Warner Music Group CEO Edgar Bronfman has long been critical of iTunes’ pricing for digital tracks, but now that his stock is in the tank and people are gleefully reeling off the screwups he’s presided over during his tenure at the top, he’s singing a new tune. (OK, maybe he got a free iPhone from someone, since he seems so ready to sing the praises of that device.)
“You need to look no further than Apple’s iPhone to see how fast brilliantly written software presented on a beautifully designed device with a spectacular user interface will throw all the accepted notions about pricing, billing platforms and brand loyalty right out the window. And let me remind you, the genesis of the iPhone is the iPod and iTunes – a music device and music service that consumers love,” he said.
“For years now, Warner Music has been offering a choice to consumers at Apple’s iTunes store the option to purchase something more than just single tracks, which constitute the mainstay of that store’s sales. By packaging a full album into a bundle of music with ringtones, videos and other combinations and variation we found products that consumers demonstrably valued and were willing to purchase at premium prices. And guess what? We’ve sold tons of them. And with Apple’s co-operation to make discovering, accessing and purchasing these products even more seamless and intuitive, we’ll be offering many, many more of these products going forward.”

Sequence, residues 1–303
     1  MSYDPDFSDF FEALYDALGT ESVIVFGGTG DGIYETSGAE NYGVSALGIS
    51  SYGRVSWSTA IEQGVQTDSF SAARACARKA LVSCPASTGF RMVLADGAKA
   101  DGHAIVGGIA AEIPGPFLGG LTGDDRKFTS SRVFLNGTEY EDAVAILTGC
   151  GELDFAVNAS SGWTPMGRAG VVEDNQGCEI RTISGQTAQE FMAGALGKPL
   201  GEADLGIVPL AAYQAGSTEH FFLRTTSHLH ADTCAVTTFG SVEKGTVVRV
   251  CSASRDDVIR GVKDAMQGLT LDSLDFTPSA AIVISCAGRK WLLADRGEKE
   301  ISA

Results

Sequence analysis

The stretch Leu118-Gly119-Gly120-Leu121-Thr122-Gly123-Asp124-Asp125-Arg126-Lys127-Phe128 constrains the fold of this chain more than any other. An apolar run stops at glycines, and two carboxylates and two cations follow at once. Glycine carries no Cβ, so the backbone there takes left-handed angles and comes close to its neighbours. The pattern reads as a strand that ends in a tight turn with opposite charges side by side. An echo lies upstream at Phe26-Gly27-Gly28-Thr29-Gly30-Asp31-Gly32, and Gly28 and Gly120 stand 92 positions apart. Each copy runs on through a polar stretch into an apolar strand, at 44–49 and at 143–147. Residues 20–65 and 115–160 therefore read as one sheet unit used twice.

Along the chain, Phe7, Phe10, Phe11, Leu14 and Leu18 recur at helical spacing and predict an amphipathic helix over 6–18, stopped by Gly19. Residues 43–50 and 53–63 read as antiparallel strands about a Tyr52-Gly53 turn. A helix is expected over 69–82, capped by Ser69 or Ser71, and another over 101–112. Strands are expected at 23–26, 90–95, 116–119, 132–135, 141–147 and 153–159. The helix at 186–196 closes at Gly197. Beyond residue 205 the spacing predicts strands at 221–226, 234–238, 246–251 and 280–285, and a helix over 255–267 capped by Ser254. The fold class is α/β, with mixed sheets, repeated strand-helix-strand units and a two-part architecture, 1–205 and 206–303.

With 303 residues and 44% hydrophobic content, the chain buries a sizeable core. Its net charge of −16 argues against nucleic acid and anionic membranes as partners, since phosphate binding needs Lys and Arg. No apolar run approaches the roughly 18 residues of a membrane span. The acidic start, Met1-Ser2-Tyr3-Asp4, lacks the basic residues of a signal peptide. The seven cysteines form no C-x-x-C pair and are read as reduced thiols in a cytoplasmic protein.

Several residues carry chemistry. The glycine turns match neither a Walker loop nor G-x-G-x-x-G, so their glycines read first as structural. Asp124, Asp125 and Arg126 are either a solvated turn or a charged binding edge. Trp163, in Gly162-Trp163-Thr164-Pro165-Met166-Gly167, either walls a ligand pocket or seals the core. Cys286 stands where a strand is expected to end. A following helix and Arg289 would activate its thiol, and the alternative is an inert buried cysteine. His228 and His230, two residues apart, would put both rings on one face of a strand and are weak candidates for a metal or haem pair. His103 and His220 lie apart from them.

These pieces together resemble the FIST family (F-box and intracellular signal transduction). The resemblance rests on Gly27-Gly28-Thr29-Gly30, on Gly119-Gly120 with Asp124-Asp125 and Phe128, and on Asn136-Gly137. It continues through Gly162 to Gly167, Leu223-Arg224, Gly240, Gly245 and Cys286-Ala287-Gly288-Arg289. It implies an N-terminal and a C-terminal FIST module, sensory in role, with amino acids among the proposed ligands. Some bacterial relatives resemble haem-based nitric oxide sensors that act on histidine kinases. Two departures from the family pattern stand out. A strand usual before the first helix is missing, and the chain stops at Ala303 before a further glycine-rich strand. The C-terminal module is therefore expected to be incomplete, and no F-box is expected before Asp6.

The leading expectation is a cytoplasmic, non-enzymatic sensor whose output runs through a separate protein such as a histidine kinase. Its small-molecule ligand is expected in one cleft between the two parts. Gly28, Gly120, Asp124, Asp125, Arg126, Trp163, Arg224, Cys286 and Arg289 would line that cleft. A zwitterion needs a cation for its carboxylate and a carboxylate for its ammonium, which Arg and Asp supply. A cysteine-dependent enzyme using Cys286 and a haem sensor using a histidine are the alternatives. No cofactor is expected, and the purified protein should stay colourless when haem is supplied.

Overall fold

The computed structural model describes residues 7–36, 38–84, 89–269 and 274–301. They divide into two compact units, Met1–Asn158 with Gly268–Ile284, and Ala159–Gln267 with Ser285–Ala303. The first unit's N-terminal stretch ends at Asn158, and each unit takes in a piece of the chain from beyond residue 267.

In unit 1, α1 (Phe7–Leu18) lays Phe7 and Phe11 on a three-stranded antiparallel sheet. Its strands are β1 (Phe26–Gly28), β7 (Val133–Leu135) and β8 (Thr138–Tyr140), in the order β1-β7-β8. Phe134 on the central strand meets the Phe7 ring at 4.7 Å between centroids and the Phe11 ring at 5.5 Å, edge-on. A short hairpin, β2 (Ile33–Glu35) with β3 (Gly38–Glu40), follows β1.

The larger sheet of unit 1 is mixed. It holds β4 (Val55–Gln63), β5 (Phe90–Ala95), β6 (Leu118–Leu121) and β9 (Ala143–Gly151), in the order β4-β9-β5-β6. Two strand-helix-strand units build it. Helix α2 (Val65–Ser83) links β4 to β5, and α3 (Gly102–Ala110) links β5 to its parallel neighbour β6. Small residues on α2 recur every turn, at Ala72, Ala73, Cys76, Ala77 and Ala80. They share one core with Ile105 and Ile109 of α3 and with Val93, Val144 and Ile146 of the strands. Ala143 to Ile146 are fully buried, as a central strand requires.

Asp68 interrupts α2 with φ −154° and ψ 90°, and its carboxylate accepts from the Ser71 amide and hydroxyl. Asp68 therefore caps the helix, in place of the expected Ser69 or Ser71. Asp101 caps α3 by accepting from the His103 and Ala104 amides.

The chairman also issued a warning to mobile operators, and offered advice to those aspiring companies hoping to cash in on that underdeveloped market, according to MacUser.
“The sad truth is that most of what consumers are being offered today on the mobile platform is boring, banal and basic,” Bronfman said. “People want a more interesting form of mobile music content. They want it to be easy to buy with a single click – yes, a single click, not a dozen. And they want access to it, quickly and easily, wherever they are. 24/7. Any player in the mobile value chain who thinks they can provide less than a great experience for consumers and remain competitive is fooling themselves.”
A single click! Information architect-friendly rhetoric like this from people running music companies is nearly revolutionary. Although I guess this means that Edgar isn’t all that high on the ringle.